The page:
By Ed O’Keefe
Washington Post Staff Writer
Saturday, February 5, 2011
In the downtown Washington federal building bearing Ronald Reagan’s name, no events are planned until May to mark his 100th birthday, so there will be no parties for him this week in the ballrooms, no new exhibits in the hallways and no commemorative lectures in the auditoriums.
Reporter being not so funny:
“And good luck finding any sign of him in the building’s three gift shops.”
This building is amazing:
In size and scope, none compares with the Reagan Building, which encompasses seven acres and measures about 3.9 million square feet, making it the government’s second-largest structure, after the Pentagon. (By comparison, New York’s Empire State Building totals 2.1 million square feet.)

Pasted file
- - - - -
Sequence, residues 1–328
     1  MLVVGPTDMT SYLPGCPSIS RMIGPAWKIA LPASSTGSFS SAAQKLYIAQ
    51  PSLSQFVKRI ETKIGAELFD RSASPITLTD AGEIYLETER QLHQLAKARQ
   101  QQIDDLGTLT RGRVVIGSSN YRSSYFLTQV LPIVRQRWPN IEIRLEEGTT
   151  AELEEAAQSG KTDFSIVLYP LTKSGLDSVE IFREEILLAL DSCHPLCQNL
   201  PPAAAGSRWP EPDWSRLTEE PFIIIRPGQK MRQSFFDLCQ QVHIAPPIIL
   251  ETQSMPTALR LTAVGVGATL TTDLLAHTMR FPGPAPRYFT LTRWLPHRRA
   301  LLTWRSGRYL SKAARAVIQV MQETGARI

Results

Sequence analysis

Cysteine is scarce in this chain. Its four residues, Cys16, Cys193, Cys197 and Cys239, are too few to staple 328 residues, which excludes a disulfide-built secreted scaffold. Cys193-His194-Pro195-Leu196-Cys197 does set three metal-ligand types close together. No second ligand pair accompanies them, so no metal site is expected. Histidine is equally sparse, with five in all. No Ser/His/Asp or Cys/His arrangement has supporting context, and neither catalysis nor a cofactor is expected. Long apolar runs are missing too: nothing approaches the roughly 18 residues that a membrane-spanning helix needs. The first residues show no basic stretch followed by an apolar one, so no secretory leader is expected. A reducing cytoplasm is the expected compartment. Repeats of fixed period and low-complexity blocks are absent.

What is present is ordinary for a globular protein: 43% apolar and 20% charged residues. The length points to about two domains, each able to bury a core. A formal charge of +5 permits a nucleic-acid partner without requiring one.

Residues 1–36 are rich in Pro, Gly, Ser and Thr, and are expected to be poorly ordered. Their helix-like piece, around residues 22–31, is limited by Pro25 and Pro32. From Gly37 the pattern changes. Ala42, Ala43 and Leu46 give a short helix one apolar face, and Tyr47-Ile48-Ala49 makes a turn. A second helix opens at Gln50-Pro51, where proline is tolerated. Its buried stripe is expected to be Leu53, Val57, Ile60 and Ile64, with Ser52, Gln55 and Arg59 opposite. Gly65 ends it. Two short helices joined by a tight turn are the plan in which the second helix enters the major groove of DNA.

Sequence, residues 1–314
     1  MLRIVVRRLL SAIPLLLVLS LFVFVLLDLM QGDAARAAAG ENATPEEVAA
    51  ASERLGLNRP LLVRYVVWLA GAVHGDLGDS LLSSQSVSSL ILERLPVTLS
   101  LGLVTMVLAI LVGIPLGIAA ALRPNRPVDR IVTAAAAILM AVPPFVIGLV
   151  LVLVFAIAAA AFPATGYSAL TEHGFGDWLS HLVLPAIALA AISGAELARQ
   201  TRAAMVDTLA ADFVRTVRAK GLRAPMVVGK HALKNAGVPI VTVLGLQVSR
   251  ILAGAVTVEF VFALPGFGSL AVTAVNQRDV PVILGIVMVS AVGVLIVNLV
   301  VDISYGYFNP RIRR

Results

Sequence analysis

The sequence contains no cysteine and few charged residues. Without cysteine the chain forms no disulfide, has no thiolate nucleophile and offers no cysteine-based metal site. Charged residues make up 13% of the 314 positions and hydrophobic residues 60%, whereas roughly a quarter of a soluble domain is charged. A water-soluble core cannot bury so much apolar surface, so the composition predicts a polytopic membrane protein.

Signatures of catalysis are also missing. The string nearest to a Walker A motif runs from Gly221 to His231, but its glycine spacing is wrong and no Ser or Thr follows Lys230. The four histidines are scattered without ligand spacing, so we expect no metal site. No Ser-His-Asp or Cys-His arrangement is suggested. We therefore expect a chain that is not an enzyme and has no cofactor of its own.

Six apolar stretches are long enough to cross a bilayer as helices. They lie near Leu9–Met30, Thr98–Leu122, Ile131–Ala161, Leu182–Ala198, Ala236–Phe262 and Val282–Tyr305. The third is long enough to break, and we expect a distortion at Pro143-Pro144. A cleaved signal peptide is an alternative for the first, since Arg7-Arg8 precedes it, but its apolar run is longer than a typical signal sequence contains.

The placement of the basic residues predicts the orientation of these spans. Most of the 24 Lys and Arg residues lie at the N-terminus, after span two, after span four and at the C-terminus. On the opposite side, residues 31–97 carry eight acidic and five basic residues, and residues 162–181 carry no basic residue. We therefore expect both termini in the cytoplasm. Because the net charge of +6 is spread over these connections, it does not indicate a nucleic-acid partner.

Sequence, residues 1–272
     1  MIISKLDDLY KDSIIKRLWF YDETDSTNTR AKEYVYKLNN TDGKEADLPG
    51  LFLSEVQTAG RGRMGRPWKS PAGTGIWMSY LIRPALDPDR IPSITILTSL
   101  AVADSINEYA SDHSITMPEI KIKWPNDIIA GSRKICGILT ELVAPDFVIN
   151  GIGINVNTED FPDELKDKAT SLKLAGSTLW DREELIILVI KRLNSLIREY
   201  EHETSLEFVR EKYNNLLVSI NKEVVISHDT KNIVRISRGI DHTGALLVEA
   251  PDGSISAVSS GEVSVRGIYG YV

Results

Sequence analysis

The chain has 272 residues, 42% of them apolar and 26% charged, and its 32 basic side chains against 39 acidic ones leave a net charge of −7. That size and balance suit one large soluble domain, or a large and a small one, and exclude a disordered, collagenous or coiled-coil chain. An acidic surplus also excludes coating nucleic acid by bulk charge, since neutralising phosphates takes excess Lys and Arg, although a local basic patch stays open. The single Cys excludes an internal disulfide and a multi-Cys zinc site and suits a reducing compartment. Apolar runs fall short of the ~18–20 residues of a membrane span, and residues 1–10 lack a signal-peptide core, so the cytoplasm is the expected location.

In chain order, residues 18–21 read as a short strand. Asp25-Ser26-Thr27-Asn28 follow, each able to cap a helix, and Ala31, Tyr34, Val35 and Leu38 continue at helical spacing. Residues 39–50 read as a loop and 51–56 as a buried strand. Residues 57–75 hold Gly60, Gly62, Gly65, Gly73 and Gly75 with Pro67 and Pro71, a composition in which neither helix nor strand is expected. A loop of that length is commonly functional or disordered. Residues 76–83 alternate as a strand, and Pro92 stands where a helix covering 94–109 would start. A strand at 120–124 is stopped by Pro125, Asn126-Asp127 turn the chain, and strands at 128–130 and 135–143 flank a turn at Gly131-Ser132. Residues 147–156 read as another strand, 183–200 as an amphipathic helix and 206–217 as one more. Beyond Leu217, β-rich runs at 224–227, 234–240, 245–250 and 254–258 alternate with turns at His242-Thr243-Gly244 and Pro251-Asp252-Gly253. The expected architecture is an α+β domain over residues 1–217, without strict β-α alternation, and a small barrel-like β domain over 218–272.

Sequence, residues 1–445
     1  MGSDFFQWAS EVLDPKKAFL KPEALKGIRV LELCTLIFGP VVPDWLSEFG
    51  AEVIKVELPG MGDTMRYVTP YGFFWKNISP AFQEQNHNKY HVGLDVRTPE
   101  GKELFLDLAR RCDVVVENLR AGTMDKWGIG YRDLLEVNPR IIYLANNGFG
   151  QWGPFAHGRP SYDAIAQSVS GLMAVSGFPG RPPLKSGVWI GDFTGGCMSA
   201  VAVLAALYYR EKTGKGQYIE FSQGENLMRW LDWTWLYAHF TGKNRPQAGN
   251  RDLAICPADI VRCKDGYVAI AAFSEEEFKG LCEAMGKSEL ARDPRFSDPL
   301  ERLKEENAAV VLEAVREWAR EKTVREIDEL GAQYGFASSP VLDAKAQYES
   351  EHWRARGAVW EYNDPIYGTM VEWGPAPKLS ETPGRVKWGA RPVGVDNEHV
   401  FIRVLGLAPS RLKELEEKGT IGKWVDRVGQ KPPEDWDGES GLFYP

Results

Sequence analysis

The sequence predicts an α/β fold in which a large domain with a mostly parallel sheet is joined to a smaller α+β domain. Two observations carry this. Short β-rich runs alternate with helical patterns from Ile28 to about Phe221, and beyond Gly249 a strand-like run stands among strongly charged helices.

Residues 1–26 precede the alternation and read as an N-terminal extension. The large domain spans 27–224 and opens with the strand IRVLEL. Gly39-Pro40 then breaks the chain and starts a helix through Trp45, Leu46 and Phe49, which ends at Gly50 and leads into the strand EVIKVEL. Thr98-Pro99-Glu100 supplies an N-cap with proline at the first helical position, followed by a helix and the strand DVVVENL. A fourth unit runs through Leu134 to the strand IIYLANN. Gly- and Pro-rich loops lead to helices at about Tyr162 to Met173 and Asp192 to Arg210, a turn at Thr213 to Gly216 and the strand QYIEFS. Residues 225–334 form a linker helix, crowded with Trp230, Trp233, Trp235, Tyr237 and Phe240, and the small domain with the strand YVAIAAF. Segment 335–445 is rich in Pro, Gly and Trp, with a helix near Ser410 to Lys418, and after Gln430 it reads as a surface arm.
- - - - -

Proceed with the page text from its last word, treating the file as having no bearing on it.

There are 21,000 light fixtures, 13,000 doors, 1,900 underground parking spaces, 904 windows, 94 stairways, 85 elevators, 26 underground loading docks and eight escalators, according to its owner, the General Services Administration. The building’s 250,000 cubic yards of concrete could pave 106 miles of two-lane highway. As a skyscraper, it would stand 155 stories high. There’s an acre’s worth of glass in the skylight.
“It is beautifully constructed,” said Jo-Ann Neuhaus, executive director of the Penn Quarter Neighborhood Association, who pushed for years for the building’s construction. “It’s certainly more open than most federal buildings.”